Liss Llewellyn Fine Art - 20th Century British Art

Sir Thomas Monnington (1902-1976)   BIOGRAPHY

View from the cockpit
Framed (ref: 6516)
Pencil on paper
6 1/4 x 8 in. (16 x 20 cm)


Provenance: The Artist's Family

Exhibited: WW2 - War Pictures by British Artists, Morley College London, 28 October -23 November 2016, cat 58. 

Literature: WW2 - War Pictures by British Artists, Edited by Sacha Llewellyn & Paul Liss, July 2016, cat 58, page 95. 

Monnington's wartime paintings have an unusual sense of immediacy - they were based on sketches made whilst (literally) en plein air, the compositions are seen from the pilots dynamic point of view. This sketch, drawn in situ, shows the view from a cockpit possibly that of a De Havilland Mosquito; the instrument just touched in on the right side may be either a compass or possibly a gunsight. Monnington was passionate about aircraft - by the time he applied to become an official War Artist he had completed over 600 hours of flying time. In 1943 Monnington wrote to the War Artists' Advisory Committee, WAAC, complaining of the lack of an aerial perspective among the works WAAC had so far commissioned. In November 1943, WAAC issued Monnington with the first of a series of full-time commissions that saw him flying with a training squadron in Yorkshire and with Mitchell bombers to Germany. 

Fighter Affiliation : Halifax and Hurricane aircraft co-operating in action (IWM) shows a Hawker Hurricane practicing an attack on a Handley Page Halifax. It was known as Fighter Affiliation because it was intended as practice for the bomber's gunners to get used to the idea of fighter aeroplanes closing at speed from odd angles and gave them practice in manouevring their turrets and getting their gunsights onto the incoming attacker. It was not half so easy at night, but it may well have been that the gunners wore very darkly shaded goggles - Night Simulation Goggles - so that it looked pretty close to pitch black to them. The bomber pilots were also training in evasive manoeuvres, known as Corkscrews - which were supposed to shake off any attacking fighter - a steep dive away to port, followed by a banking turn to starboard climbing and a level out at the top, hence the peculiar angles.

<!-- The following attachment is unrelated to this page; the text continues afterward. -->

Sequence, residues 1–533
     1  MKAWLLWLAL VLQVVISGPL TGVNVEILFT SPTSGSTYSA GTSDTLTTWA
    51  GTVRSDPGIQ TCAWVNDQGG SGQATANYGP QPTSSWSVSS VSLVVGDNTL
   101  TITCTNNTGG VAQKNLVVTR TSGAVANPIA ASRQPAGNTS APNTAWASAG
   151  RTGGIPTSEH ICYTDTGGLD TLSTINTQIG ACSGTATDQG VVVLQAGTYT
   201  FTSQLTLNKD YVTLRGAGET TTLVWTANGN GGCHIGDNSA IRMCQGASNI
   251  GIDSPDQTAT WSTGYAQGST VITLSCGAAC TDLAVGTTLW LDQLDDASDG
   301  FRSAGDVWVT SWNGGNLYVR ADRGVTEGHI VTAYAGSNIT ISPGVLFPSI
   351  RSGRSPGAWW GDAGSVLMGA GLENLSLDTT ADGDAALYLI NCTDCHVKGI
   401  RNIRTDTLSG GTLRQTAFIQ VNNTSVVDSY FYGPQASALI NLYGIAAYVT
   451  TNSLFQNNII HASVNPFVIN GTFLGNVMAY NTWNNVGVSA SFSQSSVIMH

We are grateful to Andrew Cormack for assistance.

Sir Thomas Monnington (1902-1976)

Painter, especially of murals. Born in London, he studied at the Slade School in 1918-23 and was Rome Scholar in 1923-26. He married fellow Rome Scholar Winifred Knights in 1924. Among his public works are a decoration for St Stephen's Hall, Westminster, 1928, and the new Council House in Bristol, 1956. Monnington taught drawing at the Royal Academy Schools, 1931-39, and in 1949 joined the staff of the Slade, whose strong linear tradition marked his own work. Monnington is represented in a number of public galleries, including the Tate, British Museum and Imperial War Museum. He was elected RA in 1938, became its President in 1966 and was knighted in 1967. There was a memorial exhibition at the RA in 1977. Another traveled from the British School at Rome to the Royal Albert Memorial Museum in Exeter and the Fine Art Society in 1997. From the 1940s Monnington lived in Groombridge, Kent; the local landscape inspired much of his post-war work. Monnington was one of the outstanding draughtsmen of his generation. He had a considerable influence as a teacher (Euan Uglow was among his pupils), and was one of the most effective of the twentieth-century presidents of the RA, turning around the Academy's ailing fortunes. Remarkably he was the first president of the Academy to produce abstract paintings and indeed made no distinction between abstract and figurative art: "Surely what matters is not whether a work is abstract or representative, but whether it has merit. If those who visit exhibitions would come without preconceptions, would apply to art the elementary standards they apply in other spheres, they might glimpse new horizons. They might ask themselves: is this work distinguished or is it commonplace? Fresh and original or uninspired, derivative and dull? Is it modest or pretentious?" (Interview in the Christian Science Monitor, 29.5.67).

Selected Literature: Judy Egerton, Sir Thomas Monnington, Royal Academy of Arts, 1977 Paul Liss, Sir Thomas Monnington, British School at Rome/Fine Art Society plc, 1997

See all works by Sir Thomas Monnington